First and foremost, the Emily Gilmore plot was perfect. Perfect. I assumed this would be the weakest part following the passing of the great Edward Herrmann, but I was way off. Emily’s transformation into the woman she (perhaps) was always meant to be was delightful, poignant, and essential. Her “bullshit” monologue at her DAR meeting was flawless and was directed as much to herself as the other committee members. Throughout the series, Emily was often her own worst enemy, torpedoing every kind gesture with clueless or petty indifference. Here, we see her true self revealed, a brazen, bold, fiercely independent woman determined to find happiness on her own terms…remind you of anyone?
Most of the reunion felt unnecessary, particularly following the excellent original series finale. But Emily’s evolution actually developed her character and strengthened the entire series; suddenly, it all made sense.
There’s this great exercise where you identify someone who you cannot stand and write down everything about them that bothers you. In doing so, the goal is that you realize the list is really a list of things you hate about yourself. This is what we see with Emily. The reason she would lash out, the reason she kept pushing Lorelai toward a certain type of man, the reason she seemed so bothered by Lorelai’s very existence: Emily saw herself in Lorelai, and she saw Lorelai living the life she could have had. She wasn’t mad at Lorelai, she was mad at herself. Because of this reunion show, Emily ended up with not one, but two happy endings. Good for her!
The second successful storyline was Logan’s. I’m not part of Team Logan – he was never strong enough for Rory. I am not on Team Jess – anyone who does hope for those two to reconcile is ignoring how short-lived and tumultuous their relationship actually was. As for Dean…well, I was hoping that the first shot of the series would take place at Dean’s funeral…so no, not Dean. Ultimately, I was hoping Rory would find someone new and amazing and refreshingly, wonderfully different.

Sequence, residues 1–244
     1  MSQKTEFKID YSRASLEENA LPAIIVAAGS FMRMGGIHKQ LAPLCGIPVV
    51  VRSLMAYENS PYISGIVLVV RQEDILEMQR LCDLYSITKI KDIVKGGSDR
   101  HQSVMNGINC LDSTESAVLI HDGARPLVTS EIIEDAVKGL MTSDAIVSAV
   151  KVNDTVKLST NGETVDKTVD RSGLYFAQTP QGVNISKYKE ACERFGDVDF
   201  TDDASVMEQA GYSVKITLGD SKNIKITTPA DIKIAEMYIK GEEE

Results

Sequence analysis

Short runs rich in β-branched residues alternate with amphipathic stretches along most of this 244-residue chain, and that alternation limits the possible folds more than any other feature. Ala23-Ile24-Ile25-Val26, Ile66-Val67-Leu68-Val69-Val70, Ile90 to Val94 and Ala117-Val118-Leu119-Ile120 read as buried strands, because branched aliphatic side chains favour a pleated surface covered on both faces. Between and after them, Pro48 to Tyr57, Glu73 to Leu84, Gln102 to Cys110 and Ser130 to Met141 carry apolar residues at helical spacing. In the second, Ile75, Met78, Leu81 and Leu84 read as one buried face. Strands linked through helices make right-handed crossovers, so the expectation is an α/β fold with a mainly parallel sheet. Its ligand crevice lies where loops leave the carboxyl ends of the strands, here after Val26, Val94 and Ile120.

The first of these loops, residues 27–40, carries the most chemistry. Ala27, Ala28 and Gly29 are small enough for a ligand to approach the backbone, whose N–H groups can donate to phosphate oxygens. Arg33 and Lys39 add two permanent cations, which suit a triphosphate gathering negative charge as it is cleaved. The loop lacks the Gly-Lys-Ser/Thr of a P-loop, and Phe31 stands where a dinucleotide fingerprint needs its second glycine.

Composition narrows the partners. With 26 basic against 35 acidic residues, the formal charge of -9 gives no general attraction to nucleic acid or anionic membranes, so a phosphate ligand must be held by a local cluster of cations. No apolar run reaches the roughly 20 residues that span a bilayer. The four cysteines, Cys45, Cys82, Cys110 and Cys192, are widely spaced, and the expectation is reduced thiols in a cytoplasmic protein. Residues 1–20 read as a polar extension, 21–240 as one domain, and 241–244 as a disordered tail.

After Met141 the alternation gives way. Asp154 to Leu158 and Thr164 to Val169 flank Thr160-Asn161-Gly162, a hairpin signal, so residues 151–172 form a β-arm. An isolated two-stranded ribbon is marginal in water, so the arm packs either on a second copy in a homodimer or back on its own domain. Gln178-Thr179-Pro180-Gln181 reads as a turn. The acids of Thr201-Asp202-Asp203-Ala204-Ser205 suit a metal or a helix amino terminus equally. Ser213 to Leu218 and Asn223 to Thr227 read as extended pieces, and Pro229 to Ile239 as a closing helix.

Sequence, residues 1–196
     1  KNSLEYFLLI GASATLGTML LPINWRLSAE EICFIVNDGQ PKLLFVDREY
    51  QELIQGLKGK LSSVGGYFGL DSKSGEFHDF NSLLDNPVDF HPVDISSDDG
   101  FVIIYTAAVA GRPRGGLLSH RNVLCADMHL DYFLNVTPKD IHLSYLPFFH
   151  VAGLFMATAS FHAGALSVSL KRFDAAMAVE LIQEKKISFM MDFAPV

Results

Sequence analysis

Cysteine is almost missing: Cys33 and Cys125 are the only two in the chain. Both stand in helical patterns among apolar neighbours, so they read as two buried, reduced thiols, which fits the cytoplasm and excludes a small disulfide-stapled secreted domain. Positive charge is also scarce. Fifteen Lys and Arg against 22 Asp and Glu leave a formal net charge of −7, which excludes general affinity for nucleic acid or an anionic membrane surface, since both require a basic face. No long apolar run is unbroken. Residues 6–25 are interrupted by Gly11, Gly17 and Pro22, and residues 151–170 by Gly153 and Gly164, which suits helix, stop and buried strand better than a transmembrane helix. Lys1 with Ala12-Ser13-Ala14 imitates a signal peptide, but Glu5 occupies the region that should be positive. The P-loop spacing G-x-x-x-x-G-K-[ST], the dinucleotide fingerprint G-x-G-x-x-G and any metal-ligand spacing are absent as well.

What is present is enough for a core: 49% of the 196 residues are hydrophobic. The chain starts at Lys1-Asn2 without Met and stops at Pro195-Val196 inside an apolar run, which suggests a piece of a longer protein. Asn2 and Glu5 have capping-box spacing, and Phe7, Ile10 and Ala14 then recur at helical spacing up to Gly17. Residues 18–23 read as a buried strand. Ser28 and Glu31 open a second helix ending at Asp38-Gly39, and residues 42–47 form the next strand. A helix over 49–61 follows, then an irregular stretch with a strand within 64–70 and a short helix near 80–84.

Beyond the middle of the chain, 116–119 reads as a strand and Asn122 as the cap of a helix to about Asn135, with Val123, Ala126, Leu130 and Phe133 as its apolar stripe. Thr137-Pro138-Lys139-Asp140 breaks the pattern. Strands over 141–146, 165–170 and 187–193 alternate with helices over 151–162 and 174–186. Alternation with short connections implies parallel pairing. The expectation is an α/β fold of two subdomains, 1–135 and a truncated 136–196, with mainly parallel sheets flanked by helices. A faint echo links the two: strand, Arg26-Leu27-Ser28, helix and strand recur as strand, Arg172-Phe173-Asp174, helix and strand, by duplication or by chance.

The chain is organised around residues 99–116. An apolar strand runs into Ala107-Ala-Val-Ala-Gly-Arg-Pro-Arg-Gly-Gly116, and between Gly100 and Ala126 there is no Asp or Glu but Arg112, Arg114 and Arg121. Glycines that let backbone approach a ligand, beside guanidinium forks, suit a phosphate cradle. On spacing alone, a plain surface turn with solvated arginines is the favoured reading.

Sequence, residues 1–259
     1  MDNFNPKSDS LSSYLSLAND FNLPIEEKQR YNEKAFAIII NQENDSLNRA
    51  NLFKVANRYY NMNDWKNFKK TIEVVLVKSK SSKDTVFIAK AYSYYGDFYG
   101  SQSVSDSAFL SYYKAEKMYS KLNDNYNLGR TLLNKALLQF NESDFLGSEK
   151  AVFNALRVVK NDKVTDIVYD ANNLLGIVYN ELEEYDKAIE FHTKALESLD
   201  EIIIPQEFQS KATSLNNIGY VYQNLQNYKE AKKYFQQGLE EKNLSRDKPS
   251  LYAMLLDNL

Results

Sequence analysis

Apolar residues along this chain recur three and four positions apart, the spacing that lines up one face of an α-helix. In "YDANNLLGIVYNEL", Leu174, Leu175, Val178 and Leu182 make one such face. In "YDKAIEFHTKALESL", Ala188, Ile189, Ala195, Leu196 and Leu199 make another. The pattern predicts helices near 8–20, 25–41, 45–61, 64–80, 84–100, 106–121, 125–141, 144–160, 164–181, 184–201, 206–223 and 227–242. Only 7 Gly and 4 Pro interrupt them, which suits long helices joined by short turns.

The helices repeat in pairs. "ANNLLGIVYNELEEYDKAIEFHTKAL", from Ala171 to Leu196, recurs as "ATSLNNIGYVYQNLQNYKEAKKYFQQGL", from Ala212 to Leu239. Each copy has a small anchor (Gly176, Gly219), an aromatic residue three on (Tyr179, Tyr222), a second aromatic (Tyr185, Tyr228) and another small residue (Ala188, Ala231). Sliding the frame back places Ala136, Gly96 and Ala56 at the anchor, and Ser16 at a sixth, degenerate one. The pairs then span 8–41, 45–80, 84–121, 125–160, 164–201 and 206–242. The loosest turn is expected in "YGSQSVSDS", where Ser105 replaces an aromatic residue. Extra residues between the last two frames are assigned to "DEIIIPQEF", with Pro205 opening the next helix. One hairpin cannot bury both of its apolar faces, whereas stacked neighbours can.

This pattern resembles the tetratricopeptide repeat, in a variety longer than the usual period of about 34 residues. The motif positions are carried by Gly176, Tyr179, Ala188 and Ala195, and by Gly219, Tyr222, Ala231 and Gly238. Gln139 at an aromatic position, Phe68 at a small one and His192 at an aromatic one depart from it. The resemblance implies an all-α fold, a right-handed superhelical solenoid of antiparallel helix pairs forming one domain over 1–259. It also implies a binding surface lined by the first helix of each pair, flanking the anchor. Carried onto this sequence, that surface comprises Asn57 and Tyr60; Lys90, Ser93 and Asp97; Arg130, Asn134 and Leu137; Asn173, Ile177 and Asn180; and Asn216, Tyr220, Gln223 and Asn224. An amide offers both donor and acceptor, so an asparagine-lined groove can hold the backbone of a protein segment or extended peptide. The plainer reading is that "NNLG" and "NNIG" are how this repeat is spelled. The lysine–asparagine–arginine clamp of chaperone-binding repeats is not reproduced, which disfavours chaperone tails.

But it makes sense Logan would get so much screen time. For as much of an impact as Jess has had in Rory’s life, it was Logan who dominated much of the original series (three seasons – 59 episodes!). And yet, the last we saw of Logan was him walking away from Rory after graduation, seemingly forever. Logan had plenty of flaws – mostly involving his family relationships – but he was also kind and supportive throughout most of his time with Rory, despite his occasional entitled outburst. Anyone who loves Jess likely loves the idea of him, the potential that Jess had, and anyone who loves Dean is a psychopath. And again, Logan is not the one for her. This was underscored by the fact that he was cheating on his fiancé with Rory until like a week before she moved in – completely consistent with Logan’s character.